"They were so talented and energetic as they passed down the street," recalls Wharley. "People were coming out of their houses to watch them." Lambeth is one of the most demographically diverse boroughs in the UK, and, he adds, "The vision of this diverse group of musicians just seemed to fit Brixton streets – I immediately wanted to take a series of portraits."
The Brixton Chamber Orchestra features classically-trained players in the earlier stages of their careers, blending the talents of top-class musicians with skilled volunteers. Whether through upbringing or an acquired love of Brixton, all share strong connections to the local area. That's important for a group that was founded by locally-born conductor Matthew O'Keeffe and styles itself on its geographic name.
O'Keeffe's aim was to champion classical music, presenting it to new audiences in unexpected venues, and, making good on the strapline, since 2018 the group has become a feature of markets, pubs, clubs, parks, churches and community centres across Brixton, touring Lambeth's housing estates on a biannual basis with an eclectic programme of music.
It was during the global pandemic that the Orchestra also became a "lockdown balm", as it presented a series of al fresco performances, titled Lockdown Lifts, to bring some much-needed cheer to central Brixton. From classics to turn the ear of a passing shopper like The William Tell Overture, to lesser-known but familiar pieces like Danse Macabre, to clever arrangements of pop songs (like Electric Avenue) – the group's dynamic, genre-hopping setlists help to bring everyone together.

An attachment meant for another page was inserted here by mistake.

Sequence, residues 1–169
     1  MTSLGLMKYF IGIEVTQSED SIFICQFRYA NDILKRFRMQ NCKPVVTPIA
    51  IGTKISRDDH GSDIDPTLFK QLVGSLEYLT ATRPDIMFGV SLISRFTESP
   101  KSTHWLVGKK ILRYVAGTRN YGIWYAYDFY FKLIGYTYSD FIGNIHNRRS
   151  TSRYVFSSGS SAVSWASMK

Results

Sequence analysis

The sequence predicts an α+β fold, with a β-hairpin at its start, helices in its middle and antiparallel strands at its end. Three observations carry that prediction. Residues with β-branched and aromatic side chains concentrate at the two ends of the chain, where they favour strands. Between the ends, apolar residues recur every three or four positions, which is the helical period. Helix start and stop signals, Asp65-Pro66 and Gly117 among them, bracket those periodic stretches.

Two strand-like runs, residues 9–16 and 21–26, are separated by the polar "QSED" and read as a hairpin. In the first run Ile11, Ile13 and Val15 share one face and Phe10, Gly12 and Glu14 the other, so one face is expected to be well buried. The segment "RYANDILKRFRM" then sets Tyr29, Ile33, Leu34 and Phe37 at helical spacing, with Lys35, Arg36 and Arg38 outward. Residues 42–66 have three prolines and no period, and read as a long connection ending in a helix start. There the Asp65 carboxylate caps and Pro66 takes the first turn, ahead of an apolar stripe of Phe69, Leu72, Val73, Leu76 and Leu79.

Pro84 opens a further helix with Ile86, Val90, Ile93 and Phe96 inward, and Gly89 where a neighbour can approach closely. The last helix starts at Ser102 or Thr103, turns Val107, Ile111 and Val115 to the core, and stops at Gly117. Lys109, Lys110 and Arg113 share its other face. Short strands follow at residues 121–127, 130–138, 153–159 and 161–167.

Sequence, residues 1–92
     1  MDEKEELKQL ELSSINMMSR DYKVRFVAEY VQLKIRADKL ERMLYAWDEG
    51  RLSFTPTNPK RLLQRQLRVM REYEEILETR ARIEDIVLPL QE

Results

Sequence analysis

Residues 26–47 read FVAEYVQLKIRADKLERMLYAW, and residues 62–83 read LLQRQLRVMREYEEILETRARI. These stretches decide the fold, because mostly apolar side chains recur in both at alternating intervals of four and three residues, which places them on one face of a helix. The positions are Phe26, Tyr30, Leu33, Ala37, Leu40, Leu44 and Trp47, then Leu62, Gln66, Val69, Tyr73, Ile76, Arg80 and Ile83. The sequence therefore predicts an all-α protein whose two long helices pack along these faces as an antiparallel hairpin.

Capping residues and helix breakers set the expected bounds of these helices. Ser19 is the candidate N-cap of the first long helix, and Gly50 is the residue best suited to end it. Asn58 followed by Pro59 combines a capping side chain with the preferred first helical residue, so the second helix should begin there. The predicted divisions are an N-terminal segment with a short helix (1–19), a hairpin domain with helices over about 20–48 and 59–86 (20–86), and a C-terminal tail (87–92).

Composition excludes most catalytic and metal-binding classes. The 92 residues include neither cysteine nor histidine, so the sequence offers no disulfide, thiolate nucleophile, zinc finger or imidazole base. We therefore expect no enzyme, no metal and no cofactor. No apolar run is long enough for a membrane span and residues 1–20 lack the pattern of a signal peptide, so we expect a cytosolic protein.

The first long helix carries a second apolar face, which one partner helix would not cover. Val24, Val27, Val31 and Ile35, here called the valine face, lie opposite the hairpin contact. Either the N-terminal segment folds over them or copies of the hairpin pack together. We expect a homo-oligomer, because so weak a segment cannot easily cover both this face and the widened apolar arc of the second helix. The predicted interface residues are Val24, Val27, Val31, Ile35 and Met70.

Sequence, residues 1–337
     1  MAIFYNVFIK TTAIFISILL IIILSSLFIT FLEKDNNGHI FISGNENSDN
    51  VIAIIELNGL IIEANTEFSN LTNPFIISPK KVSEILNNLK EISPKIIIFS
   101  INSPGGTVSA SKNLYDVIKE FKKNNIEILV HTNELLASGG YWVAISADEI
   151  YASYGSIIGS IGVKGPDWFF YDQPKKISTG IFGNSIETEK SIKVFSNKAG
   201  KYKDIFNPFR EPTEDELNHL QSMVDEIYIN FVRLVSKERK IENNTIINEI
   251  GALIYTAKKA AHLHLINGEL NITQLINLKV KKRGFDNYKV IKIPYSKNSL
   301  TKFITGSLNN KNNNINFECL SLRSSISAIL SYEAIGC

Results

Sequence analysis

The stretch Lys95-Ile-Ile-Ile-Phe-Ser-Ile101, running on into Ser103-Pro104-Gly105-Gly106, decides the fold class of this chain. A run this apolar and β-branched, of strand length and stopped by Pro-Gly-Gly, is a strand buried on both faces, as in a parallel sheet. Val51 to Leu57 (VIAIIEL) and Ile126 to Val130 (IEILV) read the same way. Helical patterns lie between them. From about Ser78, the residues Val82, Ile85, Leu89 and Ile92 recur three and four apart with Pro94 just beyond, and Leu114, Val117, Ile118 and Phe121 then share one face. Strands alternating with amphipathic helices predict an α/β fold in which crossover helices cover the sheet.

For Wharley's photo project, the aim was simple: to capture the characterful players and their beautiful instruments while they made music in non-traditional local spaces. "I wanted to make rich, full images that gave you a lot to look at as portraits, but that also elevated local places with a perspective or fullness of detail that showed you them afresh," he says. Working with digital medium format and flash lighting added detail and control for both the portrait and the landscape aspects of the shots.
Interestingly, the locations for the portraits have history. With the 40th anniversary of the Brixton Riots last summer, and projects like 81 Acts of Exuberant Defiance exploring the repercussions of those events, Wharley and the orchestra agreed it was important "not to create simply a series of outsider's picture postcards of Brixton, but include places that resonate to those who know and have lived in the area".
Wharley adds: "We shot in iconic spots like Electric Avenue, Windrush Square and at the Bowie Memorial, but also amid the bustle of local traders on Station Road and Market Row. We went to Atlantic Road, close to the front line of the black community's confrontations with the Met Police in 1981, but also to the heart of local estates like Angell Town that have been changed in quieter ways by their communities. We captured musicians in the serenity of Brockwell Park and the Cressingham Gardens estate, but also found moments of unexpected peace and light right in the centre."
Wharley continues: "I wanted to show people a Brixton they know and don't know, though the area is undoubtedly changing due to a host of socio-economic pressures, the group seem to represent part of a joyous, vibrant evolution in the area that defies a simple negative narrative of gentrification – I wanted to put them at the heart of that positive story."